Eran's Blog

Soup of Life

“Soup Of Life” is a Toolkit for Creating Primitive Virtual Life by Eran Hadas and Omer Markovitch. Debuted on “Oh-Man-Oh-Machine” Conference/Exhibition, Hamidrasha Gallery, Tel-Aviv, as part of “HeLa, forms of Human Existence”, curated by Daniel Landau and Udi Edelman, 2014. The audience is invited to squirt RGB colored ketchup-like liquids into a primordial soup bowl and create life from their own recipe! It’s part of a larger effort, Information and Mind, a multidisciplinary organization working to investigate the evolving modes of human-agency in information society.

Soup Of Life

The origin of life is a scientific problem, focusing on the moment in which for the first time inanimate chemicals transform into a “living entity”. This puzzle encapsulates more general questions, such as: What is Life? What entities in nature can be called living?

Institutions such as NASA, who research various life forms, tend to define living beings as those who are capable of self-replication and inheritance, that is passing information from generation to generation (or put another way – to produce mutations between generations). One goal of such research is to find the most basic structures that meet this definition, assuming they may have served as the building blocks of our life.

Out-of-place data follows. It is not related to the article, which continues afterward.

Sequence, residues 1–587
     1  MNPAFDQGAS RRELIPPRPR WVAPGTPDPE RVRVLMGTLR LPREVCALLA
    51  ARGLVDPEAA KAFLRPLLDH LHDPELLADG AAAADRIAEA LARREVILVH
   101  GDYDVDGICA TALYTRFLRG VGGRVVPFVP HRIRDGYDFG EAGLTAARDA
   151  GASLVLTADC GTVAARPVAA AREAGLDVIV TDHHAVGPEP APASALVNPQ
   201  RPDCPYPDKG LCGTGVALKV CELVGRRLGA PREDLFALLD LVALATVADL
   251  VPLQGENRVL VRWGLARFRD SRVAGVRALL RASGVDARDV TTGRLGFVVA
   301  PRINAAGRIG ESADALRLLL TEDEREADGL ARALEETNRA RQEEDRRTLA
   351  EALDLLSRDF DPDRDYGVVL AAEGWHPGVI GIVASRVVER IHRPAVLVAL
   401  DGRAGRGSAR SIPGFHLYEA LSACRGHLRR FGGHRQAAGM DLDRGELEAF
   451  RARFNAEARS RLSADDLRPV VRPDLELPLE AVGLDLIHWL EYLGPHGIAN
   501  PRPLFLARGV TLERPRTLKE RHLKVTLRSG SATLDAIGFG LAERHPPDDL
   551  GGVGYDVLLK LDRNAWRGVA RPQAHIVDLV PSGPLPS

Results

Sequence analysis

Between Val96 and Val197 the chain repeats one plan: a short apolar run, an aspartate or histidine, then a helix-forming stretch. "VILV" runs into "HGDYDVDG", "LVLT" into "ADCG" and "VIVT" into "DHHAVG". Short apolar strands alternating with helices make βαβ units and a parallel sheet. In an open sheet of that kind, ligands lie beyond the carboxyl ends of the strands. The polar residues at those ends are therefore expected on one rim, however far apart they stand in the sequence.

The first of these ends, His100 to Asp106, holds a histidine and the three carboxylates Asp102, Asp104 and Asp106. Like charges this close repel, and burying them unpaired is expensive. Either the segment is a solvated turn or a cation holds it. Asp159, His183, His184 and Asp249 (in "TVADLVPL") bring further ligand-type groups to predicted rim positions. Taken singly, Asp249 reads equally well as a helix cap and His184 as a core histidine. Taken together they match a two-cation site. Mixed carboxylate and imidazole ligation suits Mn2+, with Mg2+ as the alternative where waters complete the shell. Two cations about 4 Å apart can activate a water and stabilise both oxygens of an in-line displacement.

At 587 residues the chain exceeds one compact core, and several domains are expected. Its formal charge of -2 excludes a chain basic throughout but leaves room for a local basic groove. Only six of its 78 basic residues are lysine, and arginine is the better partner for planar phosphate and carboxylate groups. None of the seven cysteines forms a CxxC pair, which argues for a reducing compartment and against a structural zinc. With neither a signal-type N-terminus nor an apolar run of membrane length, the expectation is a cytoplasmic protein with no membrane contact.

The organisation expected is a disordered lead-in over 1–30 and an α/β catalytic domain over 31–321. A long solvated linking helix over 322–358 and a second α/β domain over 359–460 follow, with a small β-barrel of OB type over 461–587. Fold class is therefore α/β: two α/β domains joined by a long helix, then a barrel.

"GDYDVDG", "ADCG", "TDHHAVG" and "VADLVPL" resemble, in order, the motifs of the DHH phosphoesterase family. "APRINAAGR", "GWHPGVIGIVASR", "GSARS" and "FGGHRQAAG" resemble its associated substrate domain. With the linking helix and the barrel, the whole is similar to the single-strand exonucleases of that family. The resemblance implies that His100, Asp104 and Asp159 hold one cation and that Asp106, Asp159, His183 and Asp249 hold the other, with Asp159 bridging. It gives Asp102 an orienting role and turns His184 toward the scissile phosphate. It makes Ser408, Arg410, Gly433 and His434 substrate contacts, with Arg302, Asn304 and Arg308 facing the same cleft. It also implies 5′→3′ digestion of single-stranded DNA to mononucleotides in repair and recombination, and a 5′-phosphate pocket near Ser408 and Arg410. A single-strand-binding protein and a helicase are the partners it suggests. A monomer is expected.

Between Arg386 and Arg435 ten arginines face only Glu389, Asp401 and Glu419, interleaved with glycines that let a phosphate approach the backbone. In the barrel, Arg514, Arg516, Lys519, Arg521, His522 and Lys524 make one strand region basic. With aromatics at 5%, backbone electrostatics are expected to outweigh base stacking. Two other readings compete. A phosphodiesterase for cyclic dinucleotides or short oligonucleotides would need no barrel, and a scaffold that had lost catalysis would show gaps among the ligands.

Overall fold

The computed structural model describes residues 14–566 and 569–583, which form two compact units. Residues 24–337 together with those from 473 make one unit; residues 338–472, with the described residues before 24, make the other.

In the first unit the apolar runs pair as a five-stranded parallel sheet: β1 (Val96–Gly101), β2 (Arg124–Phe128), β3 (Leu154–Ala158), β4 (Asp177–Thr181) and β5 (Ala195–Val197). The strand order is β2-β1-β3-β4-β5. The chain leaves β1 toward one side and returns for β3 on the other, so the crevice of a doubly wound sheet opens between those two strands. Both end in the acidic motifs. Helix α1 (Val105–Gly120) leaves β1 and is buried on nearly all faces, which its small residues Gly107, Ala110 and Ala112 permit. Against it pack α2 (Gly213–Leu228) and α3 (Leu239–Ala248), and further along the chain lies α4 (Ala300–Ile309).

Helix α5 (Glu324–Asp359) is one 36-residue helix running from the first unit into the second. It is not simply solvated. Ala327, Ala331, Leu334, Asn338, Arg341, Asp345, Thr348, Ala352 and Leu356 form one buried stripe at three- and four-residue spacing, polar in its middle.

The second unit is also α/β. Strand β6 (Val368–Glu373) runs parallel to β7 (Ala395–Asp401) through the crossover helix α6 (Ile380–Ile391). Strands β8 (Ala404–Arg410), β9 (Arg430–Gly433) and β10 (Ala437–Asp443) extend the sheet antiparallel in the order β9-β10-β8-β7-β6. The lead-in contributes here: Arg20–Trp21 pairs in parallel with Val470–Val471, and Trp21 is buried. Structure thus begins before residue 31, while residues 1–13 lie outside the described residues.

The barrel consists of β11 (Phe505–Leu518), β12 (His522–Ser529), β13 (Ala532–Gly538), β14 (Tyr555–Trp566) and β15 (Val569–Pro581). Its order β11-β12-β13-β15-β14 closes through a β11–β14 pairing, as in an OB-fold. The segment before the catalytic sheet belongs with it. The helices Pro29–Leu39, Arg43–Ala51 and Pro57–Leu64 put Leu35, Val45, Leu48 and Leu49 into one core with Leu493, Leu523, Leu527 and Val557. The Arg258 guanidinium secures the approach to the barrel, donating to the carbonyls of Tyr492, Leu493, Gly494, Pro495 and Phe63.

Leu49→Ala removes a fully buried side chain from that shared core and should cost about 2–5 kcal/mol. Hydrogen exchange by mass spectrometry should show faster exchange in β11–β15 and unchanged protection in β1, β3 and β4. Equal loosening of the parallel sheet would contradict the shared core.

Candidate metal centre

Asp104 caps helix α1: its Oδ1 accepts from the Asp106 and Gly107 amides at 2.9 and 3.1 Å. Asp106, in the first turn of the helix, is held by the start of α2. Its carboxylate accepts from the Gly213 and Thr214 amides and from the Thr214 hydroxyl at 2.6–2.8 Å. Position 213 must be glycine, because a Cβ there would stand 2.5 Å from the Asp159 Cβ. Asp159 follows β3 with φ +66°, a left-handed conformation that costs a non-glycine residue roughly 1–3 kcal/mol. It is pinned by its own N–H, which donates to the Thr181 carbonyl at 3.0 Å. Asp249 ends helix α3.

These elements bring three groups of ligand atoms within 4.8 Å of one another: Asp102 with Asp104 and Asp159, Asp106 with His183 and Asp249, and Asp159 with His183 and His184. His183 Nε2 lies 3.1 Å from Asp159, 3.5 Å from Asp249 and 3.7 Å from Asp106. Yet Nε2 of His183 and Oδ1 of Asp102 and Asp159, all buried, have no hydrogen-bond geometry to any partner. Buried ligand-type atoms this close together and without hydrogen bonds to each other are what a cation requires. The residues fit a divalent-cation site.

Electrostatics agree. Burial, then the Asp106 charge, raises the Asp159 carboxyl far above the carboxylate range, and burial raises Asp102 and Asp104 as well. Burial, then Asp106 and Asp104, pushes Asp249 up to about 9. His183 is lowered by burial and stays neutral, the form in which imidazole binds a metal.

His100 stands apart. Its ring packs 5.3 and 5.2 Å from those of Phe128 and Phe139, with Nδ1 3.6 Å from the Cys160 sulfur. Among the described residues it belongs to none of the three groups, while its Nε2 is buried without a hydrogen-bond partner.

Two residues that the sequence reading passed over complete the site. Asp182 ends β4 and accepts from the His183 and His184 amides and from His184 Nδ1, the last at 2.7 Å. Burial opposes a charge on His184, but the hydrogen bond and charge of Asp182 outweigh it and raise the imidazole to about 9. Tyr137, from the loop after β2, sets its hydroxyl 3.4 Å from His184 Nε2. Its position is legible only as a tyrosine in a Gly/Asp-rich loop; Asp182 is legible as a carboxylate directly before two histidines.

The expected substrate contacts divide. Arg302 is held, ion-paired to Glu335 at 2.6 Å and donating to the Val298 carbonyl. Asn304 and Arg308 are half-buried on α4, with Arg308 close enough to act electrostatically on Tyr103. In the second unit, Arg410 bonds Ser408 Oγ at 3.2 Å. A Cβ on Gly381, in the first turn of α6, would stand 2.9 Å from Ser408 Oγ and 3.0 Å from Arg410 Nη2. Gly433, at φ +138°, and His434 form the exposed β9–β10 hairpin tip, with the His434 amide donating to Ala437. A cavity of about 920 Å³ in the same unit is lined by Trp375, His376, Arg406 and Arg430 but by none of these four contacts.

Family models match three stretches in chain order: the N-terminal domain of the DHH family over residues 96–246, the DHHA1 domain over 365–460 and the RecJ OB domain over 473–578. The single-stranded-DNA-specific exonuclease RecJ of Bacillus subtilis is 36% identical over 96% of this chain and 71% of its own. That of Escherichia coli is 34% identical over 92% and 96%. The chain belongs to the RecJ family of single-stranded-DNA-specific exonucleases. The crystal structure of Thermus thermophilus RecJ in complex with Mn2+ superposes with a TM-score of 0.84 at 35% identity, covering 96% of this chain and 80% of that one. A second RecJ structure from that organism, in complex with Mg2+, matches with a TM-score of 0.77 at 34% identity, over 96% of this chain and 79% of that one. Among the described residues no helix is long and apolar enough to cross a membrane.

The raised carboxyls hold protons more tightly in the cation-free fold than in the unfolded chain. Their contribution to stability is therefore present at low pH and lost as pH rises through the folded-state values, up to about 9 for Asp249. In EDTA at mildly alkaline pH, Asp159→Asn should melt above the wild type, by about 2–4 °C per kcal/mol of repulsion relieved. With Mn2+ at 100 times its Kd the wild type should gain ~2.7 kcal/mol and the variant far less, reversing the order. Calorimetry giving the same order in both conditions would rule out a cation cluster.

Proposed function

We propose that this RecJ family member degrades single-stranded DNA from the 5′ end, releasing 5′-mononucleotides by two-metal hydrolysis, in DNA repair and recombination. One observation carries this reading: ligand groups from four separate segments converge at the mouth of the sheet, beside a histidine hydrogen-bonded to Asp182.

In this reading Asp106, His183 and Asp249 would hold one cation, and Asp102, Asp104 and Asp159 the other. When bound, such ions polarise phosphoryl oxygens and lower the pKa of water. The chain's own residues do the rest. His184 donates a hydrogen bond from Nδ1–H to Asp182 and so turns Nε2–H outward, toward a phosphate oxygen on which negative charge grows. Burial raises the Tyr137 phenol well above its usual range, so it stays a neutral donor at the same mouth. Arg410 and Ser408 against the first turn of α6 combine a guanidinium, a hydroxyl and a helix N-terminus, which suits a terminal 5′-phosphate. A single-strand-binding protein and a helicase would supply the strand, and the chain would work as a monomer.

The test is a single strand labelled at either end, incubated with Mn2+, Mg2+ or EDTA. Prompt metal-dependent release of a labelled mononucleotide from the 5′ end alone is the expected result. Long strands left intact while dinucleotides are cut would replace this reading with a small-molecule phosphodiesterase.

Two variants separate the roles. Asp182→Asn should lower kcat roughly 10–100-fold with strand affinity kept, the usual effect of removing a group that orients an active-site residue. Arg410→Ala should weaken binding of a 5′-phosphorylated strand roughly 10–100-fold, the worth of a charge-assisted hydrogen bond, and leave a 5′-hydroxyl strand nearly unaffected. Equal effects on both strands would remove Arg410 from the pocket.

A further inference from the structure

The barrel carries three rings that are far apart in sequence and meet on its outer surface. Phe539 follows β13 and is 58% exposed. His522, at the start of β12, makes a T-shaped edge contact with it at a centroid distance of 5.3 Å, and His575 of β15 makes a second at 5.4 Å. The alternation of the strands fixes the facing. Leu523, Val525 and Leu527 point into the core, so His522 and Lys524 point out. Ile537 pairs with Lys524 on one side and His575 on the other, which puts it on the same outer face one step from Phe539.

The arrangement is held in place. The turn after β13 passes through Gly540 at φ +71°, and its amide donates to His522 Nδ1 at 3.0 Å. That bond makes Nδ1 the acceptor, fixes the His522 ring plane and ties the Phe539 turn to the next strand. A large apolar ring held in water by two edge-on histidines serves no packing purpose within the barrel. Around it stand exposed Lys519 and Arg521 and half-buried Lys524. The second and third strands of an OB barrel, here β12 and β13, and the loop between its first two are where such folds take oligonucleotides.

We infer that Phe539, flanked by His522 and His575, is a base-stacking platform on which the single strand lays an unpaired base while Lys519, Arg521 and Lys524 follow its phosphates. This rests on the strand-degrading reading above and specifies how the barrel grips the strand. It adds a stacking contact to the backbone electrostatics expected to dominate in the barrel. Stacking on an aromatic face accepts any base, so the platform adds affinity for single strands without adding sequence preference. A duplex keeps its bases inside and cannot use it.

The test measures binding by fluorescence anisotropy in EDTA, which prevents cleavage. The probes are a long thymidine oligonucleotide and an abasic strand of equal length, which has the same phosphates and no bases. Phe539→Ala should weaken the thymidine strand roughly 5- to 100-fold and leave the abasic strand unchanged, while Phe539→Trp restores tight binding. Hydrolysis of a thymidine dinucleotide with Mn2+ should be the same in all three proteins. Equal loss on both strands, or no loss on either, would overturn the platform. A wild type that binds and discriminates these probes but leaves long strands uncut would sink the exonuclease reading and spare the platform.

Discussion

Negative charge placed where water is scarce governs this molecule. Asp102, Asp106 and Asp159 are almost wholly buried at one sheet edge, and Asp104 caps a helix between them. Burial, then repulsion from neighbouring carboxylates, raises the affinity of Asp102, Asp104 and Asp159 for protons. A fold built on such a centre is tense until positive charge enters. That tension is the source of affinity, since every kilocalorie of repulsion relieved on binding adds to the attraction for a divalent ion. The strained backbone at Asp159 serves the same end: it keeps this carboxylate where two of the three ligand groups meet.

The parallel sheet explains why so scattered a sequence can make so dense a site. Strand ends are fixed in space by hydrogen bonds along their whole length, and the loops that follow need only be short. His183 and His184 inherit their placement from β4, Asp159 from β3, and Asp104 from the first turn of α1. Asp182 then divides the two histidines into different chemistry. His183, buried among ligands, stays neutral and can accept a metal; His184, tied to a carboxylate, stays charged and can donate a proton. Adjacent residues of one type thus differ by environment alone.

This installation simulates the behavior of lipids, whose molecular structure causes them to selectively cling to each other and form clusters. When the cluster becomes too big, it splits into two smaller clusters, creating a new generation of clusters. The behavior of lipids is unique in that they have a probabilistic preference for grouping with certain molecules over others, so that their composition is not random but an evolution one, taking after previous generations. Therefore, the lipid model meets the above definition of life.

Soup Of Life

The physical part of the system is comprised of 3 liquids with different chemical properties, and a bubbly pot of primordial soup. The audience is invited to affect the composition of the soup by adding the liquids to it, instantly affecting the virtual model. The simulation shows the family tree of the virtual life, namely the generations and ancestors of each cluster, so that the environmental effect of the physical intervention can be seen. The recipe for the newly created life is also available.

The project was made possible thanks to the Weizmann Institute of Science, and the incredible personal help of co-curator Daniel Landau who turned out to be a top maker.